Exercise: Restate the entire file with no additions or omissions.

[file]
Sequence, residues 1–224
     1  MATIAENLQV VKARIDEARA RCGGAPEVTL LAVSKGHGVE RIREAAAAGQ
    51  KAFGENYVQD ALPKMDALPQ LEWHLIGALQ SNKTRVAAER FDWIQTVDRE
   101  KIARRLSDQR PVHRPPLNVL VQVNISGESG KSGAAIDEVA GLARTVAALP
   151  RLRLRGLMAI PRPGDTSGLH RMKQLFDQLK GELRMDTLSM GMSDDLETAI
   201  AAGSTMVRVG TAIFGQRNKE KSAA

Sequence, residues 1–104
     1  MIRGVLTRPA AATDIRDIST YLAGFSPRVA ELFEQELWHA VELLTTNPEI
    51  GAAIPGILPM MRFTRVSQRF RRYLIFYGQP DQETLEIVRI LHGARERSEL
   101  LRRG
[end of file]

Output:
Sequence, residues 1–224
     1  MATIAENLQV VKARIDEARA RCGGAPEVTL LAVSKGHGVE RIREAAAAGQ
    51  KAFGENYVQD ALPKMDALPQ LEWHLIGALQ SNKTRVAAER FDWIQTVDRE
   101  KIARRLSDQR PVHRPPLNVL VQVNISGESG KSGAAIDEVA GLARTVAALP
   151  RLRLRGLMAI PRPGDTSGLH RMKQLFDQLK GELRMDTLSM GMSDDLETAI
   201  AAGSTMVRVG TAIFGQRNKE KSAA

Sequence, residues 1–104
     1  MIRGVLTRPA AATDIRDIST YLAGFSPRVA ELFEQELWHA VELLTTNPEI
    51  GAAIPGILPM MRFTRVSQRF RRYLIFYGQP DQETLEIVRI LHGARERSEL
   101  LRRG